by Derek Cornet
Fewer students will be riding the bus in Meadow Lake next fall.
That’s according to Northwest School Division communications officer Kaitlin Harman who is part of a committee formed to examine bus routes in the city. The committee decided, at the end of this school year, Carpenter High School students who live in Meadow Lake will no longer qualify to use the service, while no-bus zones will be set up for students at other schools. Those who live closer than one and 1.2 kilometres from Gateway Elementary School and Jonas Samson Junior High, respectively, won’t be allowed to take the bus, while those closer than 0.6 kilometres to the other schools will also be denied service.
“We had way more students registered to ride buses than we could accommodate and some of them, we felt, probably didn’t need busing,” Harman remarked. “They weren’t riding the buses but were registered to ride, so it was really inflating our numbers.”
Currently, there are 240 students in Meadow Lake who are registered to ride the bus and, of those, 40 attend Carpenter. Harman noted the number of people riding the bus on any given day is largely tied to the weather so, on warmer days, more students decide to walk. The fluctuation of riders, Harman added, not only add stress to the bus drivers, but also makes it difficult to predict how may seats are needed.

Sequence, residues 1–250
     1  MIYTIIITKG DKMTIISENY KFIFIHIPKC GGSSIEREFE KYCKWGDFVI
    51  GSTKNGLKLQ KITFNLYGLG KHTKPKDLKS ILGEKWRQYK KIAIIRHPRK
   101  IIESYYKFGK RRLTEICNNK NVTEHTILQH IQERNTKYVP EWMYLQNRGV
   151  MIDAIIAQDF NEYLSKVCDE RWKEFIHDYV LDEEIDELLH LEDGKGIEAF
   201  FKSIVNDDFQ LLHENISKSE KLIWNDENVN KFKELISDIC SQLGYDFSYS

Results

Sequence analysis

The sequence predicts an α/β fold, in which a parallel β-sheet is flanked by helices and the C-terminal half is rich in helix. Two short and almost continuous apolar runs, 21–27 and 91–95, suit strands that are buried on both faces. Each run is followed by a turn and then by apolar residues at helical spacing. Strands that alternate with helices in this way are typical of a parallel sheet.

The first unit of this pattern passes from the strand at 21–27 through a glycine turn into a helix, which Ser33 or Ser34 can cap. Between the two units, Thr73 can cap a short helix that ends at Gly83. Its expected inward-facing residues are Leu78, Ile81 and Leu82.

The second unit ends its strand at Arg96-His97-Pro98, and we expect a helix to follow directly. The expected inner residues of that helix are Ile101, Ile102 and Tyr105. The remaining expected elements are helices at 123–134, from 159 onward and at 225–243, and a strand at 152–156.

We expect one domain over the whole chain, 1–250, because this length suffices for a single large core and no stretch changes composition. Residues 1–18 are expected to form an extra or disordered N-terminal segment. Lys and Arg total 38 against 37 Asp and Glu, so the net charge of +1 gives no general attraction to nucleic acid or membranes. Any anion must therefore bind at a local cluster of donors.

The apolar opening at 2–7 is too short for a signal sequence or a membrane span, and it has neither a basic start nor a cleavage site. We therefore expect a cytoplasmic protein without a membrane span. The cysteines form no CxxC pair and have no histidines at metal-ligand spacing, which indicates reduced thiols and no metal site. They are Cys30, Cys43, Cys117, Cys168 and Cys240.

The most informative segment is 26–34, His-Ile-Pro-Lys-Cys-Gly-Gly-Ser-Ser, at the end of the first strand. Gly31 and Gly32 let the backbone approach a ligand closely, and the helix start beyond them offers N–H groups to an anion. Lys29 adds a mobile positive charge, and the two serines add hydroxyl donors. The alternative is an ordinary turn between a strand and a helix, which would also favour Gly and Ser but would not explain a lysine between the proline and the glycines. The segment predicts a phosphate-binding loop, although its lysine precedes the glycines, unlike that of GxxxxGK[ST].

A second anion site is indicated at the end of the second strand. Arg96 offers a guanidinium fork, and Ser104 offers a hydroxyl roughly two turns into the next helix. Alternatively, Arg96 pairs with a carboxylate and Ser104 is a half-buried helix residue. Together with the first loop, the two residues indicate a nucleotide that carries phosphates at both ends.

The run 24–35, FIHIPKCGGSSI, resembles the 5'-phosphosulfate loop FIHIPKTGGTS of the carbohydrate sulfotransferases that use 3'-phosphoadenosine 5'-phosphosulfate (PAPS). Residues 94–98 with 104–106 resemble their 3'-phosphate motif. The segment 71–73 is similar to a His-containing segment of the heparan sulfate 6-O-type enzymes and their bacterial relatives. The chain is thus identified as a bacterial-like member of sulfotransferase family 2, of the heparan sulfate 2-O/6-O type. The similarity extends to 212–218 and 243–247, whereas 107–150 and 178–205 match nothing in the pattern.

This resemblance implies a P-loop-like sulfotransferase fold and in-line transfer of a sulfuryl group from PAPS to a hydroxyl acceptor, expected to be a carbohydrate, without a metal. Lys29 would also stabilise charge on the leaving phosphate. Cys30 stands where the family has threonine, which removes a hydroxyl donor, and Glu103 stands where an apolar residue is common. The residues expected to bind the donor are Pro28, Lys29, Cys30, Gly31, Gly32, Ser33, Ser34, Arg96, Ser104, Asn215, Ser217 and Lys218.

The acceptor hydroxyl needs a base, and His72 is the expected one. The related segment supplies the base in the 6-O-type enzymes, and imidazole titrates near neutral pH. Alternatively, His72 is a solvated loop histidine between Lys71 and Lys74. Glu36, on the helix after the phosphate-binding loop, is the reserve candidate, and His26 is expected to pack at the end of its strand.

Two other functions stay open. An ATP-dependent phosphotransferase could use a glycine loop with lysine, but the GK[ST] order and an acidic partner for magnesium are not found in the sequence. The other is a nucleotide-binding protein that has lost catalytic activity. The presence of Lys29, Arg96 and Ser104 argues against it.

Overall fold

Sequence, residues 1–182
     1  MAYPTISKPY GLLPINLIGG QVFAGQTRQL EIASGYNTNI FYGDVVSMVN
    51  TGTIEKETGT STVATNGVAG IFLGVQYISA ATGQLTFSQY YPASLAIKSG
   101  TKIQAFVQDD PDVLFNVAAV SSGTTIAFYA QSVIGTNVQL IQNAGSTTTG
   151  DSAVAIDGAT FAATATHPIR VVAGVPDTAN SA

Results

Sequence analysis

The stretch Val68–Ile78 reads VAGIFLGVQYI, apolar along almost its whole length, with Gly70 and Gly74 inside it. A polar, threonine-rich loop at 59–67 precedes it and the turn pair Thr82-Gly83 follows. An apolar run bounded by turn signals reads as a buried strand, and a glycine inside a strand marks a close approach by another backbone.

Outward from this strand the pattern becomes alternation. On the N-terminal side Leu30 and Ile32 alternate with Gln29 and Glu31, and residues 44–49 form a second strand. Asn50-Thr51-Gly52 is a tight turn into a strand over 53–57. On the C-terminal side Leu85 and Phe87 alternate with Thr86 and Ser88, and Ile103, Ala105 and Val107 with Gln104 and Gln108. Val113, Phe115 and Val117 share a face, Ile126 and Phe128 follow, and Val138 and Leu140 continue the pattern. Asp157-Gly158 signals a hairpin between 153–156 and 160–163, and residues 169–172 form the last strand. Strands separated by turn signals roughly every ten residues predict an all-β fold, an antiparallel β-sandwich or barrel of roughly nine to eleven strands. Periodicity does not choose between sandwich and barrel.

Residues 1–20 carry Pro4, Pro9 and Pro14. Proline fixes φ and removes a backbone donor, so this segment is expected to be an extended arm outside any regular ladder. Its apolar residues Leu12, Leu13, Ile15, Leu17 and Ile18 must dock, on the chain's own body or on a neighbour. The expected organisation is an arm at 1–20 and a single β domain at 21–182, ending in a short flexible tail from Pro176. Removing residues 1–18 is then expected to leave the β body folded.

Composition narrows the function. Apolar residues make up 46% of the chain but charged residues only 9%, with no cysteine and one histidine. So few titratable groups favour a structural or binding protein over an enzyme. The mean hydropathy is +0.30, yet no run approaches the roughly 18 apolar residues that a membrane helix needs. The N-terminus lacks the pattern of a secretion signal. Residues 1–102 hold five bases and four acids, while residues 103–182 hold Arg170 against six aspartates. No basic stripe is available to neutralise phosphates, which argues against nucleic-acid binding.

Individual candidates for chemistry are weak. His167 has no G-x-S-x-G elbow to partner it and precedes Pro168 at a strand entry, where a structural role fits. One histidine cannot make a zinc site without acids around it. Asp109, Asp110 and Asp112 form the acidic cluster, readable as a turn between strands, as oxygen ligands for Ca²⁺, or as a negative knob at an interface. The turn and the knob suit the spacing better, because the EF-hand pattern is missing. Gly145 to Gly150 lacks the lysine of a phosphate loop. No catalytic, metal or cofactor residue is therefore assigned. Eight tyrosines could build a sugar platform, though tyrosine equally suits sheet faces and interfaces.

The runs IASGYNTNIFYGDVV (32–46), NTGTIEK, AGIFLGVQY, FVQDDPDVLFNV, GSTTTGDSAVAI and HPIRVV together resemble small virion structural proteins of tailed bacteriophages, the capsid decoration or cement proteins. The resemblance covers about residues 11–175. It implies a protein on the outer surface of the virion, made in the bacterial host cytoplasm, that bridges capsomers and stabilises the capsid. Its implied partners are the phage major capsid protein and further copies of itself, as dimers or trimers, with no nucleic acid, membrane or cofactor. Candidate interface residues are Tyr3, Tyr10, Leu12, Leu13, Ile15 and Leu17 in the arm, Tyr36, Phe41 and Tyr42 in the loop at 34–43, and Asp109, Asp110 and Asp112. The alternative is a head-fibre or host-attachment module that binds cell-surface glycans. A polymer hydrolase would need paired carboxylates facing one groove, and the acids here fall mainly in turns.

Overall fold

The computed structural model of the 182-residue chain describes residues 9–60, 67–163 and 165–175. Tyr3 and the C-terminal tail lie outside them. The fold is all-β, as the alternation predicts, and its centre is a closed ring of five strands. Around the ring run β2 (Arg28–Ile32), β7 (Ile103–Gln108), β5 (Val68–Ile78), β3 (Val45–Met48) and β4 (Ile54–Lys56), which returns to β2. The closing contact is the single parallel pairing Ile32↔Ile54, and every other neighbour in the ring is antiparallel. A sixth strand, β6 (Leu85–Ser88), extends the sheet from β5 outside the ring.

“With the mild winter we’ve had it hasn’t been as much of an issue than it could have been,” she said. “It looks like we’re going to go ahead with the changes in the fall.”
Also, it’s not expected the elimination of busing at Carpenter will have a large effect considering the majority of students have alternate ways of getting to school.
Meanwhile, supervisor of transportation Jacquie Taylor presented her annual report at a regular NWSD board meeting March 10. She noted, because of a new mapping system the division began using to track bus mileage, drivers are logging 700 fewer kilometres per day than they did before. Aside from a daily rate, bus drivers are paid 25 cents for every kilometre travelled, so implementing the system is saving the division up to $875 per week.
“What happened is, there wasn’t a clarification on how the drivers were supposed to be calculating kilometres,” Taylor commented. “With the mapping program we have, we’re able to compare what a program says route kilometres are with what the drivers submit.”
Also at the meeting, it was revealed the school division’s budget won’t be available until after the provincial election. The budget is usually released the third week in March and, according the NWSD director of education Duane Hauk, officials will have less time to plan for the upcoming school year. Hauk is also hopeful there isn’t a drop in funding from the province.